Occupational Therapy Schools Colleges & Universities

Occupational therapists help patients who require assistance in performing tasks in the home or workplace due to disabling conditions. Empowering patients to lead independent and productive lives is both challenging and rewarding. Research occupational therapy schools to find out if this is the career path for you.

Empowering Patients - Making Degrees from Occupational Therapy Colleges Pay Off: Occupational Therapists: Key Personal Attributes: If you want to be an effective occupational therapist, you should be both empathetic and innovative; helping patients with debilitating conditions requires both sensitivity and creativity. Excellent problem-solving and communication skills are a must. You should enjoy working with patients, but being able to work without supervision is important. Above all, you should possess a strong commitment to patient care.

Occupational Therapy Colleges: Admission Requirements: A master's degree in occupational therapy is typically the minimum required amount of education to become an occupational therapist, and bachelor's degrees in disciplines such as biology, psychology, anthropology, or the liberal arts are relevant choices for undergraduates interested in pursuing the master's or doctoral degrees. Admissions committees look favorably on volunteer experience in the healthcare field.

Occupational Therapy: Available Degrees: Graduate degrees in occupational therapy are available in two forms:

  • • Master's of Science (M.S.)
  • • Doctorate (Ph.D.)

A master's degree is the minimum requirement for employment in this field.

Top-Ranked Occupational Therapy Schools: U.S. News and World Report publishes rankings of degree programs in a wide range of fields. Rankings are based on job placement rate, faculty/student ratio, and program funding, among other criteria. Some schools with the highest-ranking graduate programs in occupational therapy are:

  • • Boston University (Sargent)
  • • Washington University in St. Louis
  • • University of Southern California
  • • University of Illinois--Chicago
  • • Tufts University--Boston School of Occupational Therapy

Occupational Therapy Associations: Many opportunities exist for nurses to gain membership in professional societies and organizations. The American Occupational Therapy Association is the largest organization of occupational therapists in the U.S., and many states and regions across the country have their own groups as well.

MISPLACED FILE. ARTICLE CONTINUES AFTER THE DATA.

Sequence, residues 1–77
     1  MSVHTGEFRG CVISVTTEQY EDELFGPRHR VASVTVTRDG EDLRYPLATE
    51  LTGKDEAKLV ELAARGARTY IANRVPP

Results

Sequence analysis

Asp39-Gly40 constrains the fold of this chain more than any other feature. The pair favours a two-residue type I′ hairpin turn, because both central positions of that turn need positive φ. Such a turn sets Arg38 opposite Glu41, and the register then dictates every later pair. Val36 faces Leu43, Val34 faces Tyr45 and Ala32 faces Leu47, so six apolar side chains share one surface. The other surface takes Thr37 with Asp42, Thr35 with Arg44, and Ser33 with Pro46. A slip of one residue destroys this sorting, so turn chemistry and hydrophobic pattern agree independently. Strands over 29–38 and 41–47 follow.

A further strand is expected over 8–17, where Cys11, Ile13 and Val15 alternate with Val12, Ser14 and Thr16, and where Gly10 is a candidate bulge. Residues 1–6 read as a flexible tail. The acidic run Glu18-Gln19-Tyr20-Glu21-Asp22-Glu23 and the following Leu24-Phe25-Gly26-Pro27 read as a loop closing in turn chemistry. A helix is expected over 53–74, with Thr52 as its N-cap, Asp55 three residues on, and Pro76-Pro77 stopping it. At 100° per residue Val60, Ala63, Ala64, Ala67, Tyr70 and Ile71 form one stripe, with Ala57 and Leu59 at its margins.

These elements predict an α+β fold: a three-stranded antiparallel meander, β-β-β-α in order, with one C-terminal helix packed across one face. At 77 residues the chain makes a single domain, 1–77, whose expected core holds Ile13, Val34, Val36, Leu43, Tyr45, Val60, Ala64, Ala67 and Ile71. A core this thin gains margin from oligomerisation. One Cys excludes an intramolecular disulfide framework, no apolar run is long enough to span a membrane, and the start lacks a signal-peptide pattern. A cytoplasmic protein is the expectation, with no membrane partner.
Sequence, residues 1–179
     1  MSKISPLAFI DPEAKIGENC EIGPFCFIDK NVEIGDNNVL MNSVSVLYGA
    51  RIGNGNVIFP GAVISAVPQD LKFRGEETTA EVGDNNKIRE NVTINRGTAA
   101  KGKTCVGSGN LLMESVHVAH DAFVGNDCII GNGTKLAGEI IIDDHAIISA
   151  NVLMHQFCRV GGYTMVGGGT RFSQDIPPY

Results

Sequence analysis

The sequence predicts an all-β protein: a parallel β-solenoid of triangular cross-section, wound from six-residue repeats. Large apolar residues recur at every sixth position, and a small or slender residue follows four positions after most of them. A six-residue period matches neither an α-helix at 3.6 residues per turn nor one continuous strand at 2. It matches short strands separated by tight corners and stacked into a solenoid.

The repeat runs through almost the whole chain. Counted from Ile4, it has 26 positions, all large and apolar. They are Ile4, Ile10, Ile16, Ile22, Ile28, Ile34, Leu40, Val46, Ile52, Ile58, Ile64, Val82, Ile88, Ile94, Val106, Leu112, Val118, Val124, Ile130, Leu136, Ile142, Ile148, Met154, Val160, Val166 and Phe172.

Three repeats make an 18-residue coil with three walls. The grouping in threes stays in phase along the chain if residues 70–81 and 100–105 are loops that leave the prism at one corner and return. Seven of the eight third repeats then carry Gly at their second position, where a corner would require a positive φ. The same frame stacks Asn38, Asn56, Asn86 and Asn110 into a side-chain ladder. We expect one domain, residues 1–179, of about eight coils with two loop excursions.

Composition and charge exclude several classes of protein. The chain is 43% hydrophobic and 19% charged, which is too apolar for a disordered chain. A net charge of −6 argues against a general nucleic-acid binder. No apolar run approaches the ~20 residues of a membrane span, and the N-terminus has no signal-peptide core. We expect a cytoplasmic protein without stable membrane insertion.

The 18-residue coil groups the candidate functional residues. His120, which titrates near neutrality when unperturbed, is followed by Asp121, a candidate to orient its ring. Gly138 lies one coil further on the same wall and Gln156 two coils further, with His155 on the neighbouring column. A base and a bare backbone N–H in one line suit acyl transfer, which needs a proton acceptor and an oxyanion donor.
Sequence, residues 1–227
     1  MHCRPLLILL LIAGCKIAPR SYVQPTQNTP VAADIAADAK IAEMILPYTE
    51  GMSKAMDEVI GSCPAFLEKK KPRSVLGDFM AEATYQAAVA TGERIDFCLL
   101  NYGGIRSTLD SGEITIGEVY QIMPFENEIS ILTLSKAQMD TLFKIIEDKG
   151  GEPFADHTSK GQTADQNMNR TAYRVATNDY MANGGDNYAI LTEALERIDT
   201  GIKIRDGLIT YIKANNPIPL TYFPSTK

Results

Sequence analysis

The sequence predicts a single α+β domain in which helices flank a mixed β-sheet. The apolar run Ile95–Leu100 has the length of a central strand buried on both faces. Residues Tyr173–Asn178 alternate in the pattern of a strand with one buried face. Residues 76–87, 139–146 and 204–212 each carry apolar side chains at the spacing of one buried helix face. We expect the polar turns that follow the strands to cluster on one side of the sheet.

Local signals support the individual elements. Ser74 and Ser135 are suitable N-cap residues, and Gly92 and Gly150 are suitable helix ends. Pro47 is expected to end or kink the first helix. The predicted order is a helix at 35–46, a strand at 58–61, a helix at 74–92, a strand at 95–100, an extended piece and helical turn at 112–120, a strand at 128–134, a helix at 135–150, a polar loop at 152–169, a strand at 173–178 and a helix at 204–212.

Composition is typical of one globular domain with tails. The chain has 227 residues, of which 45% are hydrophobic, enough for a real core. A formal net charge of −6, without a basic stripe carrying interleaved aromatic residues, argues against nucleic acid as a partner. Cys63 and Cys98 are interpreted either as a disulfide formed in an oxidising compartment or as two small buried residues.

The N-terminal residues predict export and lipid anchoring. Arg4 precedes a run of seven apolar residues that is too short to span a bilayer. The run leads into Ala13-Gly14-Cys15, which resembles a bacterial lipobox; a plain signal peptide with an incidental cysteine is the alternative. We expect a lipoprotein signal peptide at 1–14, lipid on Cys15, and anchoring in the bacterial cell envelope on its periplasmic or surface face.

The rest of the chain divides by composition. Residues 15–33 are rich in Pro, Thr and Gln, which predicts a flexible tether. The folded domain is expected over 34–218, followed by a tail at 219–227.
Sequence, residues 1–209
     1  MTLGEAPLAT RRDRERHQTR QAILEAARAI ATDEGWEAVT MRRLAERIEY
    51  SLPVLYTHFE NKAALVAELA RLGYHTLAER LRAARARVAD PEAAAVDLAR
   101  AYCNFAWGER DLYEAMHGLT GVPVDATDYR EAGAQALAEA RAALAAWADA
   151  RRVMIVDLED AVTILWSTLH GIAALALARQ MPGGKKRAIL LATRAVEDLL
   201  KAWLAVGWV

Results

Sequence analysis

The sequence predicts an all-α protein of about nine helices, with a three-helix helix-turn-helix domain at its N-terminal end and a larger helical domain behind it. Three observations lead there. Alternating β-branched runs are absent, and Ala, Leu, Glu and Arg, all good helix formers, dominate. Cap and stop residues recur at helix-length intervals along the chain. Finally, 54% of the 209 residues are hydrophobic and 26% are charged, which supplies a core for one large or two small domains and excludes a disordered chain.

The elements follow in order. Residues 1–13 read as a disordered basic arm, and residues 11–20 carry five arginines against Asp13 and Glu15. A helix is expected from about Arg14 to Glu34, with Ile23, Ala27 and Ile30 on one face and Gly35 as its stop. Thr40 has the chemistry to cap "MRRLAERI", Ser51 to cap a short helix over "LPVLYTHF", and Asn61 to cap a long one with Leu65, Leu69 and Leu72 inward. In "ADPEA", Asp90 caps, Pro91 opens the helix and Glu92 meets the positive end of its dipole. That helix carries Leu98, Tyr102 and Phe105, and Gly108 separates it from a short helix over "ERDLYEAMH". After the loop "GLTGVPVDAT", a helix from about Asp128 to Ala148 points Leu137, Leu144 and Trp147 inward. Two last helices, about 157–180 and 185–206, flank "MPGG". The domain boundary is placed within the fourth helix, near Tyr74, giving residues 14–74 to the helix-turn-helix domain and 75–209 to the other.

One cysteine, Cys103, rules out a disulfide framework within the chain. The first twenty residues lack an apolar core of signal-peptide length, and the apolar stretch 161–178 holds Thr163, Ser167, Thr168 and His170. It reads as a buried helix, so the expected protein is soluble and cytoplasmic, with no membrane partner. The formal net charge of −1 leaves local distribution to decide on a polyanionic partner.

Individuals with Degrees in Occupational Therapy: Income and Employment Statistics: According to the U.S. Bureau of Labor Statistics, in May 2009, the mean annual wage for those individuals employed as occupational therapists across all industries in the U.S. was $70,680. Roughly one third of all occupational therapists were employed by general medical and surgical hospitals, while another third were employed by offices of other health practitioners; however, the highest-paying industry for these jobs with substantial employment was home health care services, with a mean annual wage of $81,360. Other industry sectors that are major employers of nurses include elementary/secondary schools and nursing care facilities.

On a state level, the northeastern states of Maine, New Hampshire, and Massachusetts ranked highly among states with a high concentration of occupational therapist employees (1.32, 1.27, and 1.22 per thousand workers in May 2009, respectively). The highest paying states were California, Nevada, and New Jersey, with annual mean wages of just over $80,000.

National employment of occupational therapists is expected to grow by an impressive 26 percent from 2008 to 2018. Of note, increasing elderly populations and numbers of individuals with disabilities or limited function are expected to drive demand for occupational therapists for the foreseeable future.

Degrees in occupational therapy can open the door to a challenging and stimulating career. And if you're looking for positive job growth outlook, respectable salaries, and the reward of helping people, occupational therapy schools could lead you toward an optimistic future.

The writer Dave Raiser is a doctoral candidate in Biological and Biomedical Sciences at Harvard Medical School. In addition to substantial experience in biomedical research, his industry experience includes work for a biological and clinical data search engine company, a biotechnology review blog, and an idea-to-market inventor services company. Dave has bachelor's degrees in biology and music from the University of Richmond.

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